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Green Building News

New Effort Will Streamline Green Building Standards

Five standard developers in the U.S. join forces to create a 'single, holistic' green building system, but adoption is years away

The U.S. Green Building Council is one of five major building standard developers working to streamline green building standards for the commercial and high-rise residential markets. Low-rise residential standards may follow.
Image Credit: USGBC

Five of the country’s most influential developers of construction industry standards have announced a joint effort to create a single green standard that would be more coherent and cohesive than the jumble of overlapping green building standards and regulations that currently exist.

The agreement is an attempt to create a “single, holistic system” integrating the U.S. Green Building Council’s LEED program, ASHRAE’s 189.1 building standard, and the International Green Construction Code (IgCC), according to an article posted at Environmental Building News(EBN).

For those designing or building single-family homes, however, changes are probably years away. The new agreement is not expected to be in place before 2017 at the earliest, and it will not initially have any jurisdiction over what regulators call “the low-rise residential sector.”

The new system will have three parts

The five organizations involved in the effort are ASHRAE (what used to be the American Society of Heating, Refrigeration and Air-Conditioning Engineers), the American Institute of Architects (AIA), the Illuminating Engineering Society (IES), the International Code Council (ICC), and the U.S. Green Building Council (USGBC).

According to the EBN report, the cooperative effort will result in a three-part system:

  • An updated version of the 189.1 standard.
  • IgCC, which becomes an “adoptable, code-enforceable version of 189.1” but ceases to be developed as an independent system.
  • The LEED (Leadership in Environmental and Energy Design) rating system.

The individual components will work together in a more coordinated way than they do now.

Speaking to EBN, ASHRAE President Tom Phoenix said, “Had we continued down the separate paths, there is always the chance that someone eventually is going to lose in that game. I think this is a win-win for everybody.”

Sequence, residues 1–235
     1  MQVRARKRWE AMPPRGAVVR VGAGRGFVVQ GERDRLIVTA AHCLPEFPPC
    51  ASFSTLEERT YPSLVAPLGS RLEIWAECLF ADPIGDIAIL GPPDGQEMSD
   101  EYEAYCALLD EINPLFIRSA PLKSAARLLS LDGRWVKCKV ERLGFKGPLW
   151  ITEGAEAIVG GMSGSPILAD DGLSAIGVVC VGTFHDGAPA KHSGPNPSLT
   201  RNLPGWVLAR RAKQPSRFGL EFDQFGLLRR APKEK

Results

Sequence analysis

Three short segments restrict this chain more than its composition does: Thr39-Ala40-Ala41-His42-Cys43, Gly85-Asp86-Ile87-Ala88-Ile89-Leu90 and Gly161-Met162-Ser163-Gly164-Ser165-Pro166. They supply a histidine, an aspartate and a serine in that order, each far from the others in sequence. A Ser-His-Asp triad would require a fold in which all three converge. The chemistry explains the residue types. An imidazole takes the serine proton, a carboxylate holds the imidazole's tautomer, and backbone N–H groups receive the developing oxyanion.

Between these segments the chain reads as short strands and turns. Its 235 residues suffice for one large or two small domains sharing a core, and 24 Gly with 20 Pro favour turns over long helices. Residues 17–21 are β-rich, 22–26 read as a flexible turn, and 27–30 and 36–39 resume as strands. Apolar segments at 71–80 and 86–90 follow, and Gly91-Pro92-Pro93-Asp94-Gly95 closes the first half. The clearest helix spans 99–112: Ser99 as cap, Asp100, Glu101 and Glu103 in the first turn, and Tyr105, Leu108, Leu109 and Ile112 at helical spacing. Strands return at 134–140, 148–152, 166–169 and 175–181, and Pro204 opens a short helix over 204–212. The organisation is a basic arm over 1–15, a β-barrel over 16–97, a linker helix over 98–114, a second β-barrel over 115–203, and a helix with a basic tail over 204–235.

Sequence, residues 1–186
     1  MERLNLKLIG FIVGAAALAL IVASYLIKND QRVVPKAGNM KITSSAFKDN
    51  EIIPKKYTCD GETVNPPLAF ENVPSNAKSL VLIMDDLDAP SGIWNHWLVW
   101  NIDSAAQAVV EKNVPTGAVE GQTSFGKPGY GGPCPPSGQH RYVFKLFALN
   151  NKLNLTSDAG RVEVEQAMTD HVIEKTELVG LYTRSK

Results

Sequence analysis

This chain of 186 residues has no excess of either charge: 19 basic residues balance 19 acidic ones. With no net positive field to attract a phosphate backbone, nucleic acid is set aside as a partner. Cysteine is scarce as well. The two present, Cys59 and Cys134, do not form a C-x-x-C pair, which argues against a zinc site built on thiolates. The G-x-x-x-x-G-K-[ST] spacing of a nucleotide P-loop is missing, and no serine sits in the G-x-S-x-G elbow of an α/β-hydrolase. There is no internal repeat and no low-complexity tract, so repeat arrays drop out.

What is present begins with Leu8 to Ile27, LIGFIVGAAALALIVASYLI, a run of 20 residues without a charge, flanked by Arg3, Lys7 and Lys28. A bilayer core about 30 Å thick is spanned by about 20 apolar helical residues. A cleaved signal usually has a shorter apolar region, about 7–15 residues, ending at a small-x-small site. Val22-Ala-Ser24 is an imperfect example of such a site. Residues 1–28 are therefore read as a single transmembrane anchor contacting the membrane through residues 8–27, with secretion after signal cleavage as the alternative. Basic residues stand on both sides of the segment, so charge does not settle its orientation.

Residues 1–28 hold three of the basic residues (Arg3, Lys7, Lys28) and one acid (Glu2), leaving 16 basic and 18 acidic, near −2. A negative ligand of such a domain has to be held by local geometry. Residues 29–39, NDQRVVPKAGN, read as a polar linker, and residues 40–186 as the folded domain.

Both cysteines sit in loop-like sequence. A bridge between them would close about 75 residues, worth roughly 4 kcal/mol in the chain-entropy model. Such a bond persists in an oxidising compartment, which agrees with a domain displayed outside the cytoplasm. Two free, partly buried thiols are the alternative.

A mixed bag of standards led to some confusion

If you’re not a code specialist, all of this may seem like a big bowl of alphabet soup. Brendan Owens, LEED vice president for technical development, posted an article in which he explains the background and how the new cooperative effort will be an improvement.

In 2005, he writes, the USGBC, ASHRAE, and IES collaborated on the ASHRAE 189.1 standard. In a parallel effort, the ICC started developing the International Green Construction Code.

“All of these tools started to appear in the market and jurisdictions appeared to be very confused,” he said by telephone. “We had this situation where there wasn’t an articulate and planned framework in the market and each organization was just talking about this and trying to clarify it on their own, and we weren’t having the effect we wanted to have.”

The fact that the five organizations are working together is, Owens said, one of the most important parts of the agreement.

Changes in residential approach could come later

The agreement covers commercial and high-rise residential construction, but not single-family homes. That’s partly because neither the 189.1 standard nor the scope of the technical content in the IgCC covers single-family (low-rise) construction, Owens said. In time, however, the same approach could be applied to low-rise residential.

“If I were a residential builder,” Owens said, “I would see that this is a model that could potentially streamline and harmonize a lot of local programs that are out there and their relationship to code. When the USGBC and ASHRAE, ICC, AIA, and IES are successful in developing an organized framework of how codes, standards, and rating systems all interact, I think the model is replicable on a residential scale.”

Should that happen, Owens said, residential builders should find the regulatory landscape much easier to navigate.

One Comment

  1. Expert Member
    ARMANDO COBO | | #1

    Let's call the spade a spade!
    I hope, soon enough, the residential codes push the envelope (no pun intended) to higher levels of better building, healthy and high-performing homes, where we would not have any need for these alphabet soup of green programs.
    For the last 15 or so years, our industry has been in constant argument and BS (not bldg science) about which green program is better, which is more stringent, or which is more affordable. Most of these programs have morph to a money racking programs, where fees for this and fees for that are the real reason. Let's call the spade a spade!

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